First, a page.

Man, 2016 is gearing up to be a watershed year for billionaires buying up trophy properties. We’ve got Andy Beal snapping up the Hicks estate and possibly more, and we’ve got Jordan Spieth moving on up to the Creeks of Preston Hollow. Now comes word that the owner of the L.A. Rams, Stan Kroenke, and his wife, billionaire Ann Walton Kroenke, a niece of Wal-Mart founder Sam Walton and heir to the Walton family fortune, was approved by the courts to buy up the $725 million Waggoner Ranch, located northwest of Wichita Falls near the Red River.
Dating back to the wild west of 1849, it’s the biggest contiguous ranch property in the U.S. The King Ranch is about 825,000 acres across multiple parcels, while the 510,000 acre Waggoner ranch is spread over six counties and is almost 800 square miles.
It is quite possibly also the most expensive piece of dirt currently in the U.S. Local brokerage Briggs Freeman Sotheby’s International Realty was the major broker involved in the historic transaction. Closing will take place in “a normal time for a deal like this,” says the Briggs Freeman agent who pulled off the deal: Bernard “Bernie” Uechtritz.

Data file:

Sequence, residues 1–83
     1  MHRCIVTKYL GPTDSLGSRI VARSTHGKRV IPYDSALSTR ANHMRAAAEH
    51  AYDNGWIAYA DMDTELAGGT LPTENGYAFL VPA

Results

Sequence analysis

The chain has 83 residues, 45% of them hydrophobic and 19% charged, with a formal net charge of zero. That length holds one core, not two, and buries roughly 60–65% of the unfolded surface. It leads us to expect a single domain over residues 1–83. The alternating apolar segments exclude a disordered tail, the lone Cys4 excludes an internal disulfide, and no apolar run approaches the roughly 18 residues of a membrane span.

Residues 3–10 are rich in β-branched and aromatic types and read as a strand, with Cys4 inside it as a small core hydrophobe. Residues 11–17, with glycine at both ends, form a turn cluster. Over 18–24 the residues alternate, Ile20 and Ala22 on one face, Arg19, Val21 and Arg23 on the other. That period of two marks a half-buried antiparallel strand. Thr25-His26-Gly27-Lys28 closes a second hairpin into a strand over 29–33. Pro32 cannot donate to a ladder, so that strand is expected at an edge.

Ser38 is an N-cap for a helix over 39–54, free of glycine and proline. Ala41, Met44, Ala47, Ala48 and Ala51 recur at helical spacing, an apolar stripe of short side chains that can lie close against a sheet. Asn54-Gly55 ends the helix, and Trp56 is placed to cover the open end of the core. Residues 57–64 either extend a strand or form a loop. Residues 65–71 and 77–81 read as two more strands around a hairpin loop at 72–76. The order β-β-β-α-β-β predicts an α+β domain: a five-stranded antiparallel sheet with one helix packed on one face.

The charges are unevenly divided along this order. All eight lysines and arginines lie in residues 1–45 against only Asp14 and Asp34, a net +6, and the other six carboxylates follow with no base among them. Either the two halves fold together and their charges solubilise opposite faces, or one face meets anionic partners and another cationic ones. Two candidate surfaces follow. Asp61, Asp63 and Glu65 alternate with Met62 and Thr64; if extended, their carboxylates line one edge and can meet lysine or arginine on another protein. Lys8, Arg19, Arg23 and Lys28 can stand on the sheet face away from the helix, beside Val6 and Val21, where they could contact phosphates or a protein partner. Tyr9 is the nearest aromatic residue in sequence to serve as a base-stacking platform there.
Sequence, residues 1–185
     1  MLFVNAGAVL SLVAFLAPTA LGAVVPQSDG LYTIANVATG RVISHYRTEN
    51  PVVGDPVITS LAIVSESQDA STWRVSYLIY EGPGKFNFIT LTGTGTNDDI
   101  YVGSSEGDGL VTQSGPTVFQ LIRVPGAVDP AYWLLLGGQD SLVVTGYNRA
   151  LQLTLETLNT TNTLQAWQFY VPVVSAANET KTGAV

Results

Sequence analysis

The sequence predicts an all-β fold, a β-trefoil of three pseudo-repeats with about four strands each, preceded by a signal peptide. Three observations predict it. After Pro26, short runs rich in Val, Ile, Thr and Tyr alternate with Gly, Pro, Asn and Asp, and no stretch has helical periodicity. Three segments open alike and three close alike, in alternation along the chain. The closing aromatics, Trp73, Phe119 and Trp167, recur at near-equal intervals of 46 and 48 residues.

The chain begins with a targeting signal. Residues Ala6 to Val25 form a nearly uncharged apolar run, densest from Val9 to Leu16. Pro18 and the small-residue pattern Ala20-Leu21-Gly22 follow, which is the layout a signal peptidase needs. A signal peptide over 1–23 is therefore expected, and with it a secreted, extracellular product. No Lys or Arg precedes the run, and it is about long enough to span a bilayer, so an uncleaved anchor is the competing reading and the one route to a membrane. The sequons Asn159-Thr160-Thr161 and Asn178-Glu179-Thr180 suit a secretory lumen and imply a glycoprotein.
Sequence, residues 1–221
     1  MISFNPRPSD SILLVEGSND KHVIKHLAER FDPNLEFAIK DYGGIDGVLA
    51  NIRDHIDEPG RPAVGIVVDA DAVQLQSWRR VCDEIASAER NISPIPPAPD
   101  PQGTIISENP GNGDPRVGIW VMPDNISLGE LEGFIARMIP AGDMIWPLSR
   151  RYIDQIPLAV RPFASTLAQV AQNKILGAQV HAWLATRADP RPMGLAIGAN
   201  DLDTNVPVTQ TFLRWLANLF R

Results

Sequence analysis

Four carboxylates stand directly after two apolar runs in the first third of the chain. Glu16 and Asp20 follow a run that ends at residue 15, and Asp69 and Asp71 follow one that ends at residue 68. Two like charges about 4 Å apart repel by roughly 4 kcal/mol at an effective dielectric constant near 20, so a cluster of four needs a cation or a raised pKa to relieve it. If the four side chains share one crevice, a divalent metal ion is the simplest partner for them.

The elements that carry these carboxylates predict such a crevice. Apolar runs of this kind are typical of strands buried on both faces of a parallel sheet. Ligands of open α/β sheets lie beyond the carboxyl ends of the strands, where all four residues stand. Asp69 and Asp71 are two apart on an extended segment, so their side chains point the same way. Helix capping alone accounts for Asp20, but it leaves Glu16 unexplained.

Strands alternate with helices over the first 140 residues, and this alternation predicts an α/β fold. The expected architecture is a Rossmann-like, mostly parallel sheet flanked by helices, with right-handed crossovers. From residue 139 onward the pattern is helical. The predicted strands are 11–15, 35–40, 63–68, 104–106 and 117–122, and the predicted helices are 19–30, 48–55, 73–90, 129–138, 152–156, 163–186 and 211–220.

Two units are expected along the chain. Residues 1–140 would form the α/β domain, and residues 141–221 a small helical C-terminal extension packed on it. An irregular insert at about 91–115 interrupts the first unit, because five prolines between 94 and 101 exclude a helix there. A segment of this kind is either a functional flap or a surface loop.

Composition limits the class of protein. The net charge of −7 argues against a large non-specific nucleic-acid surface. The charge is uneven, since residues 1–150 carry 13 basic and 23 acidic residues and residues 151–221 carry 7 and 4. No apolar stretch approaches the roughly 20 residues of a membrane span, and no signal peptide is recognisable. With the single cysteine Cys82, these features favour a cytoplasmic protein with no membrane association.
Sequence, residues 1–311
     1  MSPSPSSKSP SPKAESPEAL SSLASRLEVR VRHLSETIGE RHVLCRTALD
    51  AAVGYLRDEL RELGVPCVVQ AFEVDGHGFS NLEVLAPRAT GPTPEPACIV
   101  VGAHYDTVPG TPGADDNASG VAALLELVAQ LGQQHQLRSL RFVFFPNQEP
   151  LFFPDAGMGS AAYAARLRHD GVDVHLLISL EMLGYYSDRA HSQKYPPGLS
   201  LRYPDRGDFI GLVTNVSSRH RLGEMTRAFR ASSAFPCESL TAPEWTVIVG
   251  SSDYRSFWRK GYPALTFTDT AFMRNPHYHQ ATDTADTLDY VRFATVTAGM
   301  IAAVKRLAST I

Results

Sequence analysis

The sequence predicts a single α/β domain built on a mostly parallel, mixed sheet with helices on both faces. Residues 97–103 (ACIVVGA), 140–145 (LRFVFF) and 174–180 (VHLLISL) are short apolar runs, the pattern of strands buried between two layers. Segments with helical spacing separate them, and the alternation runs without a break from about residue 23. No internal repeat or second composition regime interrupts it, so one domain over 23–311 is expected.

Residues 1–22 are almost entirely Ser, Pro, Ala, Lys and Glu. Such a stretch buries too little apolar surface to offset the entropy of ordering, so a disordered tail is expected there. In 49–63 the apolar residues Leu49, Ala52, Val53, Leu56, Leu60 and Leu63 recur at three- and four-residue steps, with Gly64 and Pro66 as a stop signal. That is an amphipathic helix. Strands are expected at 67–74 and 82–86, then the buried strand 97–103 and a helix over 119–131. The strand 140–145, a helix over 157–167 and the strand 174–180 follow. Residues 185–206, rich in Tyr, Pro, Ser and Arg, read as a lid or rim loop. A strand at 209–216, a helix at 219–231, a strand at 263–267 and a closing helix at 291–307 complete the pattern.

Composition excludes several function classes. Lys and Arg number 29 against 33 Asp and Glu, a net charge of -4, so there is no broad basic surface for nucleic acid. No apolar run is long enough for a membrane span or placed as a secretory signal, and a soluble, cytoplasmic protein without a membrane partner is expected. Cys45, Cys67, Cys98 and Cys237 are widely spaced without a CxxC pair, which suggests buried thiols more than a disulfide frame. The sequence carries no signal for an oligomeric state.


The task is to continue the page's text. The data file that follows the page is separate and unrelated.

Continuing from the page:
And what a deal: this is the first ever sale of the historic ranch.
“This shows that iconic ranches like this can be sold in today’s market with the right strategies and international exposure,” says Robbie Briggs, “We had potential buyers from all over the world. But it turns out the buyer has very strong Texas connections.”
Bernie’s office, of course, is on Fairmount at Briggs Freeman Sotheby’s International Real Estate’s Ranch and Land office, but Robbie says he spent more spent more than half his time at the Waggoner Ranch headquarters in Vernon, where he put together an information data room, a veritable sales War Room that sure paid off.
“It was a series of rooms at Waggoner headquarters, tables and tables of folders and schedules, maps, anything you could think of relative to a complex operation like this,” says Bernie. “We created an intensive electronic data room one could only visit once they had been heavily pre-screened, and that was, of course, available virtually as well.”
Bernie told me there was also a “low level” data room for the hundreds who came by inquiring. When asked how many potential buyers were from foreign countries, Bernie said many. That man’s Rolodex should probably be stored at Fort Knox.
“We had a tremendous amount of international interest from South Korea, China, Russia, South America, really from everywhere,” said Bernie.